The translations of the Bible have some serious, one and two word typos. Typographical errors which give the parable the opposite meaning of the thought that was intended to be shared.

There are also many passages tainted by the minds of angry men. Men who used their anger from being hurt to justify their tainted words, as if they knew better than God, thinking that the situations have changed.

There is no God that is vengeful, only human's are vengeful. But the protection of the innocent often appears as if they are acts of vengeance, because sometimes the protection is from acts that are hard to recognize as being wrong or an act of aggression.

The moral of the story can be corrected in two ways. Either lot's wife became a Pillar (a object of miraculous support to the weary) because she had the courage to question, or it was a lesson to show the distinction between the demeanor of False and the demeanor of Truth.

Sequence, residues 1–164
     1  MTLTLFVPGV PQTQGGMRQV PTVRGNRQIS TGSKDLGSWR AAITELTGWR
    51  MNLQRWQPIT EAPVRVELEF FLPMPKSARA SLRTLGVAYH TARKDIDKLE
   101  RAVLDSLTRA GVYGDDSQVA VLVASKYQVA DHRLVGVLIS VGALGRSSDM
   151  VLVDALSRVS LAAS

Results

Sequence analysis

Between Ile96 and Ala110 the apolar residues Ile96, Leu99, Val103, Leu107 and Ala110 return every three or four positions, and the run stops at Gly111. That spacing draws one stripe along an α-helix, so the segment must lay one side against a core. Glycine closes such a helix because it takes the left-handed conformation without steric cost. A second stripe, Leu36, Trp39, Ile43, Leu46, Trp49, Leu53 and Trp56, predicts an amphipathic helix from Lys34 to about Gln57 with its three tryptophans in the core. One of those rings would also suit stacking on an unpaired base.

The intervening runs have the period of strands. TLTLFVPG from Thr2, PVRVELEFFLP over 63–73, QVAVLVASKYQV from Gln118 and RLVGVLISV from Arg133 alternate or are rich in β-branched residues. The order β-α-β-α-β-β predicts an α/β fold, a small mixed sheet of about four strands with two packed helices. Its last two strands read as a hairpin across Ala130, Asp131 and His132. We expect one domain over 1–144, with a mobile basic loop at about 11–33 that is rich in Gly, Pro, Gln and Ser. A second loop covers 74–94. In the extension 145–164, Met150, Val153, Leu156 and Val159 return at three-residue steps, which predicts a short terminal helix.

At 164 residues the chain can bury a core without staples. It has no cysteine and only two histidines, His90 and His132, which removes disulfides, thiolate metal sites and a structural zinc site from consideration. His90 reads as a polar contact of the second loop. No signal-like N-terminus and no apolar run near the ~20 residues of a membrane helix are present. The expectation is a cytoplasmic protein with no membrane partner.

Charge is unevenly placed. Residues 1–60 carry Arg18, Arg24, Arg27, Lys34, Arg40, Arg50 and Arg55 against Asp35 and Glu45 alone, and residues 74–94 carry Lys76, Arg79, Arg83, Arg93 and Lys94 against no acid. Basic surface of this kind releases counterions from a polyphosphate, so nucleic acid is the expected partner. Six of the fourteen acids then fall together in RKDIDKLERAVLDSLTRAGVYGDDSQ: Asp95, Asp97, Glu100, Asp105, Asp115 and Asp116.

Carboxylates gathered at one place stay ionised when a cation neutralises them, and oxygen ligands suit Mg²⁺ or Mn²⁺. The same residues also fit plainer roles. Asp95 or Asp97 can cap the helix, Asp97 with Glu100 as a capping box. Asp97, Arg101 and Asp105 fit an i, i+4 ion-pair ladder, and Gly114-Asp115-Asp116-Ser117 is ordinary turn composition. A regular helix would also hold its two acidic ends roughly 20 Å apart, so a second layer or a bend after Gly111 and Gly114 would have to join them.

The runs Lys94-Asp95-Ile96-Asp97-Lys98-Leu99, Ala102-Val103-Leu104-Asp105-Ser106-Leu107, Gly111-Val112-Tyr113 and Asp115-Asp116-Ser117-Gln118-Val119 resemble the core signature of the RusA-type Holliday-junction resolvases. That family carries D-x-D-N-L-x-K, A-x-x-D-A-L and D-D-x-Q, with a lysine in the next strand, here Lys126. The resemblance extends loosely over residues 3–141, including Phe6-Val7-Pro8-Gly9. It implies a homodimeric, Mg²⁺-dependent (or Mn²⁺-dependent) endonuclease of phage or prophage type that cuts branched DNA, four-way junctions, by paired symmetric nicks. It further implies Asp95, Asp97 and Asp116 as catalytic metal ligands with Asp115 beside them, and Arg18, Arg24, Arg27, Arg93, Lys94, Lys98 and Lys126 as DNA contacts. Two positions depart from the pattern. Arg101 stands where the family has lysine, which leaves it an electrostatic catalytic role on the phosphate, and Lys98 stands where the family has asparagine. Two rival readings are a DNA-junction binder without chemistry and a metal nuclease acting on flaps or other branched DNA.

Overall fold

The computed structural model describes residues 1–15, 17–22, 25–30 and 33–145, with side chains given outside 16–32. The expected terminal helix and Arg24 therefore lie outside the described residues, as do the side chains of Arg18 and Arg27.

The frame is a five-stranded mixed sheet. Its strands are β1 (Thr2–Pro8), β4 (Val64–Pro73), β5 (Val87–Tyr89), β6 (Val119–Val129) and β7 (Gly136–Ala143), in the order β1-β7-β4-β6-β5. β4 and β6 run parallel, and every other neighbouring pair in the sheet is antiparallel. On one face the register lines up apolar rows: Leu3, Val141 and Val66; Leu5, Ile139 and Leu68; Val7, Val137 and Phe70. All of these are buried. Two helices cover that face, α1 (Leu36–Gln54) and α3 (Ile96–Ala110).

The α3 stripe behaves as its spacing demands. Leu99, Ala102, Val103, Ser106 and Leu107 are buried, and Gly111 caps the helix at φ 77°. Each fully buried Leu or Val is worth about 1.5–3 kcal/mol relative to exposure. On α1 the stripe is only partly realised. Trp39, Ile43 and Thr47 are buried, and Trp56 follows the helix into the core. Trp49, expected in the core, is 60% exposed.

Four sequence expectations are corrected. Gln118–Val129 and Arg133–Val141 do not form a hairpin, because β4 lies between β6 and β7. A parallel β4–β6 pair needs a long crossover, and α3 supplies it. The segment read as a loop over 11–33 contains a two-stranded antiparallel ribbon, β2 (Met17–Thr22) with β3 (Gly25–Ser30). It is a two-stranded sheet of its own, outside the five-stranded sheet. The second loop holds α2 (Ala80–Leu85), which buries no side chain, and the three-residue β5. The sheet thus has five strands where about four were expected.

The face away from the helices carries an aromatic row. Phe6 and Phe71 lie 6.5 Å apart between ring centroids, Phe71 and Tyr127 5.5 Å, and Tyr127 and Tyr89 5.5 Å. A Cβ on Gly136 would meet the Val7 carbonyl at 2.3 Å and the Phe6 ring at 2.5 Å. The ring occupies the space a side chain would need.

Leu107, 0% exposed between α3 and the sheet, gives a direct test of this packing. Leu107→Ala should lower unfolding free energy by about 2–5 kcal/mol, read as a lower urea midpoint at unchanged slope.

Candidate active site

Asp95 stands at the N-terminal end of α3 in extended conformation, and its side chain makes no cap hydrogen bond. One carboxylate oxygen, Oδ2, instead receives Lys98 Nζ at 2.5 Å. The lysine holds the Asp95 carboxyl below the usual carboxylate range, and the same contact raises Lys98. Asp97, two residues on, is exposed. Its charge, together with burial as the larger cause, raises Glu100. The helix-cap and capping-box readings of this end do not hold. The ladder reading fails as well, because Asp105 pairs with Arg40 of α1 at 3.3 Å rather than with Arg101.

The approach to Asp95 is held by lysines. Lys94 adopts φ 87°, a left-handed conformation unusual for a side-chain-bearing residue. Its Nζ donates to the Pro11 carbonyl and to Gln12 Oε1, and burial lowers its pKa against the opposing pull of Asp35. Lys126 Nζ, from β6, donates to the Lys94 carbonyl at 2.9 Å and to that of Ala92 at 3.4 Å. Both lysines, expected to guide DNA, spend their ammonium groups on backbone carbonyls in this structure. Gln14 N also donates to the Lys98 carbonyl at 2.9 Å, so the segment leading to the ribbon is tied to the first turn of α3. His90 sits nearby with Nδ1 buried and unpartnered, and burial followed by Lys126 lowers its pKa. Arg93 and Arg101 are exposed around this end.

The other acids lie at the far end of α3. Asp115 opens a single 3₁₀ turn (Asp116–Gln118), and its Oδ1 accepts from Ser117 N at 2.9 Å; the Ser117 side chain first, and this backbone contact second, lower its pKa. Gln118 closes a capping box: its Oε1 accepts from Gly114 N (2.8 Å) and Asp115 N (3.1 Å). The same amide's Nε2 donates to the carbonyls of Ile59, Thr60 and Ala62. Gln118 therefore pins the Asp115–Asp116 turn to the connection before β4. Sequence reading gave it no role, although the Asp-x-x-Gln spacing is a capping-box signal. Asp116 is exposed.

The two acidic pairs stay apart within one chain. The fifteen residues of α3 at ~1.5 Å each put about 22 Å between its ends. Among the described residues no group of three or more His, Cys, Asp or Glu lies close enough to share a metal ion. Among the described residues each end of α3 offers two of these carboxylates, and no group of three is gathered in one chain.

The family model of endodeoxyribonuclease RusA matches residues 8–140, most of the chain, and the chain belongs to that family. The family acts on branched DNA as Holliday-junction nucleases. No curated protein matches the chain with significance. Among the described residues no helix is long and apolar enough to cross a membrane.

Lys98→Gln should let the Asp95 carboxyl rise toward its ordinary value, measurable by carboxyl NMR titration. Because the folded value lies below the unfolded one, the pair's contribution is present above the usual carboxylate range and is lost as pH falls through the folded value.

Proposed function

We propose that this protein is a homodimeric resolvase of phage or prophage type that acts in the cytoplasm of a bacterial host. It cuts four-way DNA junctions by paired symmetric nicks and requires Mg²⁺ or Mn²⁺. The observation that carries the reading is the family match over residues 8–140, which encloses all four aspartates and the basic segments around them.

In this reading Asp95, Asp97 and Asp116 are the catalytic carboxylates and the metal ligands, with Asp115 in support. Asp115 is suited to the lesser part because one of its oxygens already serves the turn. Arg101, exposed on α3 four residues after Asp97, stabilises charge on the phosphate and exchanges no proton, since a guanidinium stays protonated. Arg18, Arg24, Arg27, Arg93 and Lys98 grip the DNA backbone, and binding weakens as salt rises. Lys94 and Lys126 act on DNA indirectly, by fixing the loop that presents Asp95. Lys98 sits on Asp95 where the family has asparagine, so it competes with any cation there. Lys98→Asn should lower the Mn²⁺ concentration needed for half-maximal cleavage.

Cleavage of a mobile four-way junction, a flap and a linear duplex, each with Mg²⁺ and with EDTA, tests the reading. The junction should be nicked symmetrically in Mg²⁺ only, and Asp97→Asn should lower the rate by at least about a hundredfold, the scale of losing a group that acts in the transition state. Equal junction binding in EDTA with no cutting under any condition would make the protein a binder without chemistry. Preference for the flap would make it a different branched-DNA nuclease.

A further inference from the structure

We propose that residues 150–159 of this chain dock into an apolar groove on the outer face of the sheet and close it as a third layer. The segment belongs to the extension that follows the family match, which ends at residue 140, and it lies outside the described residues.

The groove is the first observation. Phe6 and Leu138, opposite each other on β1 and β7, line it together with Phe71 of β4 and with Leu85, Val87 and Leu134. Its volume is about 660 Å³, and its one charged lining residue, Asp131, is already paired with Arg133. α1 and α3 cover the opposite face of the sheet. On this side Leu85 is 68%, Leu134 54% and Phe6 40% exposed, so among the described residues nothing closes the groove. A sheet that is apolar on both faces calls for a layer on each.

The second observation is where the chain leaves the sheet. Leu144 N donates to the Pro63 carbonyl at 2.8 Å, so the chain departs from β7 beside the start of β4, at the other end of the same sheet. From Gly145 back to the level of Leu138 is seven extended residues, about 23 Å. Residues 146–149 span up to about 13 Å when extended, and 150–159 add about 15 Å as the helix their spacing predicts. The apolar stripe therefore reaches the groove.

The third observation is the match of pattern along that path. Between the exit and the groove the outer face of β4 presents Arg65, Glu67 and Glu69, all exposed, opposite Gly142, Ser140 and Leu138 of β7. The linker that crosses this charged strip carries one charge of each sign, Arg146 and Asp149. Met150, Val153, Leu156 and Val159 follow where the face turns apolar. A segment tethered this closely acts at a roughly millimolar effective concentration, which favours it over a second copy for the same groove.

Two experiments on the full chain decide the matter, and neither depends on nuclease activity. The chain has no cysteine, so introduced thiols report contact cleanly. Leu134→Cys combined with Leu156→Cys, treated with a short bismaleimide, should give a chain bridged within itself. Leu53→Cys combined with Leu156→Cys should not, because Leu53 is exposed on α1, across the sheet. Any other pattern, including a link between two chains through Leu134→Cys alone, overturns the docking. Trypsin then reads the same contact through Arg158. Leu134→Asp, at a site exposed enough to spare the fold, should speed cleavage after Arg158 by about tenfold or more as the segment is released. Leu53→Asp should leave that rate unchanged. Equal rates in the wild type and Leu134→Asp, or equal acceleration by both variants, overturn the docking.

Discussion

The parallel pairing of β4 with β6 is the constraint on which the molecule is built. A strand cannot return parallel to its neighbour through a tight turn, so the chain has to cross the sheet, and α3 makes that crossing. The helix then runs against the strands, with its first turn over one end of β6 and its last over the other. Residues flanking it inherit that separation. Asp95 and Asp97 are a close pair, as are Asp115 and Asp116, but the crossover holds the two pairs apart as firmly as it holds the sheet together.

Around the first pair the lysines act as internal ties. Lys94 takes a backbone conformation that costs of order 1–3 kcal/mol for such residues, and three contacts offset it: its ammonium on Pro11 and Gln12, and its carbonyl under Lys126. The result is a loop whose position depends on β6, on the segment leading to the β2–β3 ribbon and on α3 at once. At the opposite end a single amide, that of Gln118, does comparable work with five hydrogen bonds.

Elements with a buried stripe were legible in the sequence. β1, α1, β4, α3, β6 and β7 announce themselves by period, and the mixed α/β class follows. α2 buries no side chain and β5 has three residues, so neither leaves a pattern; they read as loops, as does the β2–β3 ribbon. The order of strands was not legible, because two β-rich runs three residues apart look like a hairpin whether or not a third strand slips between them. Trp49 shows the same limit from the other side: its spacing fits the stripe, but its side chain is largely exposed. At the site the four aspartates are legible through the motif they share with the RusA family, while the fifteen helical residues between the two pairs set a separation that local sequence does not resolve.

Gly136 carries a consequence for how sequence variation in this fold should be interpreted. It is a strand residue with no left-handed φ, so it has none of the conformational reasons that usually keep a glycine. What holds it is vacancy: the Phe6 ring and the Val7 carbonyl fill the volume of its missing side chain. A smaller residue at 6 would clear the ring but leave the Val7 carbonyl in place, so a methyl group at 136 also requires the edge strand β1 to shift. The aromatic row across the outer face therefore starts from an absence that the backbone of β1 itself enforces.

Truth will always allow questions because it will want you to understand.

False will play on your emotions in ways that make no sense, which tares a person from their all knowing spirit.

It is a vulnerability we are all susceptible to on our own. It's a vulnerability that is only helped by having healthy, caring relationships with other people. Families are meant to naturally be this type of fortification against the false. But sometimes only unrelated blood can provide those relationships, which can be found in true friends or a loving spouse.

And it doesn't matter what sex your spouse or friends are in relation to your own (another gross misinterpretation of THE WORD)